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ABI Research Sees $11B Revenue Opportunity for 5G Network Security

December 14, 2021

As the 5G network rollout accelerates worldwide, the market for network security is materializing quickly. ABI Research forecasts a total revenue opportunity of US$11.6 billion by 2026. Delivered initially through hardware sales to telcos, the software and services opportunity is expected to grow significantly in the latter part of the forecast period.

Initially, the capex on network security appliances is driving the hardware opportunity, as the new infrastructure is being built by communication service providers. “Communication Service Providers (CSPs) are buying the solutions required primarily from network equipment providers and pure-play cybersecurity vendors. In time, other specialized third parties will penetrate the market as CSPs move towards 5G stand-alone,” explains Michela Menting, Digital Security Research Director at ABI Research.

In time, as CSPs start offering enterprise applications, these initial security investments are likely be turned into security service offerings to enterprises; a significant pivot and a big new opportunity for CSPs to recoup security spend and create new value in network services.

This pivot to security provider won’t be easy for CSPs. They will need to tailor and adjust their security posture accordingly for various enterprise use cases and industry verticals, and much of this will require the implementation of new processes and extensive security training internally. “In large part, CSPs will likely obtain the technology and required skills either through acquisitions or by partnering with security-focused firms. As such, partnerships will be key for CSPs to seize the security software and service opportunity,” Menting says.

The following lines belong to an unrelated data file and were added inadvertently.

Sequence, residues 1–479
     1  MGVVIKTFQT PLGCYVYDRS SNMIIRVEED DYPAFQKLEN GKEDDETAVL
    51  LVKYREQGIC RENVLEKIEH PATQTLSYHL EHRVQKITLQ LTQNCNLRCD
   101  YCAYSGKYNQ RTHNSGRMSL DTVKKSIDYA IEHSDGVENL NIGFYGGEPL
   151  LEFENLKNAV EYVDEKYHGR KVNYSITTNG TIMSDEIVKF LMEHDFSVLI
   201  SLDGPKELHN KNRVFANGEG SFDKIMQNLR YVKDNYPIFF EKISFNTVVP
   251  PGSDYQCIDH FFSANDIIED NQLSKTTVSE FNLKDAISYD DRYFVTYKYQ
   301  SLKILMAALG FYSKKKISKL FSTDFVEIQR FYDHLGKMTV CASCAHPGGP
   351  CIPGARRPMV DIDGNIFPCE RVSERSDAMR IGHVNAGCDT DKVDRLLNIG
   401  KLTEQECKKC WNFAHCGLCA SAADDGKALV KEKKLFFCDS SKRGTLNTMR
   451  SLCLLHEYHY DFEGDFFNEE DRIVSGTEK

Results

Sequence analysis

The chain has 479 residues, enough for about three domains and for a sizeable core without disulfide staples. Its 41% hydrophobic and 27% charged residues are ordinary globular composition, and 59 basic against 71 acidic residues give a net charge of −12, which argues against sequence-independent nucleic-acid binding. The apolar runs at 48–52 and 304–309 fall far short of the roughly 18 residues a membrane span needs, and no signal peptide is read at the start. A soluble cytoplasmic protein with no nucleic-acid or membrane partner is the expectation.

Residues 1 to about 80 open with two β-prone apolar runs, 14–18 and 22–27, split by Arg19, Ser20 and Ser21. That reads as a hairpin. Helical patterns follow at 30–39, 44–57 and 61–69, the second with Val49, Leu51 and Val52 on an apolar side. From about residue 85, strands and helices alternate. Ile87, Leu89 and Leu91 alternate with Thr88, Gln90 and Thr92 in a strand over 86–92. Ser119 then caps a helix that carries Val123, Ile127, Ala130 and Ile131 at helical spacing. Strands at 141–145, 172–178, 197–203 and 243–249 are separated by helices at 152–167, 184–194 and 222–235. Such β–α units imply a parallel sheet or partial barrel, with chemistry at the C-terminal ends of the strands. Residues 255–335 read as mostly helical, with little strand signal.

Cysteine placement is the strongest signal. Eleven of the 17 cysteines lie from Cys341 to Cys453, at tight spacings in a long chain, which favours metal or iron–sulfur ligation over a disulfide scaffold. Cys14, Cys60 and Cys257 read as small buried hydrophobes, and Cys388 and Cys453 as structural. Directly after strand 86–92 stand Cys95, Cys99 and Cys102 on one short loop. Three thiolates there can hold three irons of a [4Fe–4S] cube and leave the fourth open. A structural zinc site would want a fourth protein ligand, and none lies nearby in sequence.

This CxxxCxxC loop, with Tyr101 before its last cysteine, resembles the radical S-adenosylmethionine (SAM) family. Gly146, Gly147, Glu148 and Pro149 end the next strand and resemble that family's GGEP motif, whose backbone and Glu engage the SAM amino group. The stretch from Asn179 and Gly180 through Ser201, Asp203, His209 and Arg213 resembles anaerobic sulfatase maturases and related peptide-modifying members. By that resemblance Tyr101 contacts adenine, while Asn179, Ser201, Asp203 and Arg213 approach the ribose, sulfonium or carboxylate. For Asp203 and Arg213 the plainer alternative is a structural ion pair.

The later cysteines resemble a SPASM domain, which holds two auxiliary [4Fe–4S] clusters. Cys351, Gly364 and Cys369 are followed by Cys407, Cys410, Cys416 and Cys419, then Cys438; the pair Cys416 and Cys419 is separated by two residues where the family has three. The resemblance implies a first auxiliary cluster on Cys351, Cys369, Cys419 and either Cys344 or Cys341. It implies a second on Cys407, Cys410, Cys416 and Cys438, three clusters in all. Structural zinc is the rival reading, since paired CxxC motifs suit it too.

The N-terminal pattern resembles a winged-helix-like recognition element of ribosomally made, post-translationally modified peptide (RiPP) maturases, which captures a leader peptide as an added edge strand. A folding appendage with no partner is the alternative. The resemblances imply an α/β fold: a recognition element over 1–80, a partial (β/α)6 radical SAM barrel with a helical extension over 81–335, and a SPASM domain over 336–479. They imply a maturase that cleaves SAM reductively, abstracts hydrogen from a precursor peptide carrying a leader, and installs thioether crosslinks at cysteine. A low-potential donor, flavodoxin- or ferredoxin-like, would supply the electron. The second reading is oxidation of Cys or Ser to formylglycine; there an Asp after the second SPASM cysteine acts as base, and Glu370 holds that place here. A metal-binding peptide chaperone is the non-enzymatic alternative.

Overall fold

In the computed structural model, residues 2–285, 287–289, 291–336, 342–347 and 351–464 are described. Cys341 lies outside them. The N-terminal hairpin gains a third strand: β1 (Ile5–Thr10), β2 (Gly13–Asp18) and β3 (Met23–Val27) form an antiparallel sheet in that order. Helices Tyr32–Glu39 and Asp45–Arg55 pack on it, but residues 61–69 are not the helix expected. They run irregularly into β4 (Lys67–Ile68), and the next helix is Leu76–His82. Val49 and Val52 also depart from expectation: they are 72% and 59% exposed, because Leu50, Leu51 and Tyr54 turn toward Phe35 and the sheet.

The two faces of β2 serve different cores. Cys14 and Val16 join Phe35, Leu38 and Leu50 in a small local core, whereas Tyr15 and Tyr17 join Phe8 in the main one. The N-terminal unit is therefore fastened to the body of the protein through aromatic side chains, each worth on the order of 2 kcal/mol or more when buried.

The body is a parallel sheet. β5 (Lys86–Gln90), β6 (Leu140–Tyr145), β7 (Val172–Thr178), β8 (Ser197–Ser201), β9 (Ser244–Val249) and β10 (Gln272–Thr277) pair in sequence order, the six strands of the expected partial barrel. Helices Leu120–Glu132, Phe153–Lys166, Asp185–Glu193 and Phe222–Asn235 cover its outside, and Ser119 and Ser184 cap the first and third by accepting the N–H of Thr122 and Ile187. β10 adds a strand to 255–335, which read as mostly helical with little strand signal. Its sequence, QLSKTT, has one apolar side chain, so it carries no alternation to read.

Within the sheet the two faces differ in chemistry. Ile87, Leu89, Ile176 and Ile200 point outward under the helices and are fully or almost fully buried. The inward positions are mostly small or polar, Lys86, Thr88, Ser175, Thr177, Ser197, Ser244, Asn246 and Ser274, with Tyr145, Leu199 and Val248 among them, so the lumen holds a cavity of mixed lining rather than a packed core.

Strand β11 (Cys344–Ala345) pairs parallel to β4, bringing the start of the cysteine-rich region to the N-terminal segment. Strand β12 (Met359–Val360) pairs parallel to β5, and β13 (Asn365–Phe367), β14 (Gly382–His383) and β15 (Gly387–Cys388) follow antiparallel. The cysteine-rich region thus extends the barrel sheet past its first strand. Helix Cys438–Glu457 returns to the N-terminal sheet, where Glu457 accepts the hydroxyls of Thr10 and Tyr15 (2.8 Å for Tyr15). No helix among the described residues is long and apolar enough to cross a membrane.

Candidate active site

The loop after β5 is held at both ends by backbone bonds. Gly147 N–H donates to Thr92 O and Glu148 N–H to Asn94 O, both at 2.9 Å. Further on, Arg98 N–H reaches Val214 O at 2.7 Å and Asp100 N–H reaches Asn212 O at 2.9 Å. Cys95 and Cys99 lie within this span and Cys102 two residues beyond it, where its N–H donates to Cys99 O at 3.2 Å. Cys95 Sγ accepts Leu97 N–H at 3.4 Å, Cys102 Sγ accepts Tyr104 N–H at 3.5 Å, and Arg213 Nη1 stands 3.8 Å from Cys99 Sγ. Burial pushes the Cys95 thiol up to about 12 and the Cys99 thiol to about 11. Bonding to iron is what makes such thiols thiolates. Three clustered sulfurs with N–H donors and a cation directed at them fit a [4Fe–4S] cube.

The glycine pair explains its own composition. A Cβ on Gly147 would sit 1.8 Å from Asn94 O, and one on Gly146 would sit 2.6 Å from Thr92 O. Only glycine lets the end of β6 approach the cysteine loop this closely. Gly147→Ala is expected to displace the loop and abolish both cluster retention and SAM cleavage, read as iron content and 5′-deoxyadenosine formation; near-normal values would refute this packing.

For Network Equipment Providers (NEPs) and other third parties, such as hyperscalers and pure-play cybersecurity providers, there is a dynamic demand today for network security solutions in order to build the 5G infrastructure alongside telcos. Closely symbiotic with the telco industry is the role of NEPs, who are positioned as the ideal partner for this pivot, firstly because they provide the building blocks for the underlying infrastructure, but also because they have a long-standing relationship with CSPs. NEPs are also likely to have a significant opportunity to target the enterprise market directly; their experience with CSPs, and carrier-grade offerings will be appealing from a trust perspective for enterprises.

Nonetheless, CSPs and NEPs are not the innovators or leaders in the virtualization and cloud environments, and security in these contexts is as complex at best. This is to the advantage of hyperscalers and pure-play cybersecurity providers. Hyperscalers present the biggest threats to NEPs, and not just in the security software and services space; they live and breathe cloud which is at the core of 5G stand alone. “Their only limitation is their traditional lack of experience with CSPs, and so they will need to prove they can offer carrier-grade security. But they are agile, they are competitive, and they are very keen to engage this market. The opportunity is there, and the market contenders are already jostling for space,” Menting concludes.

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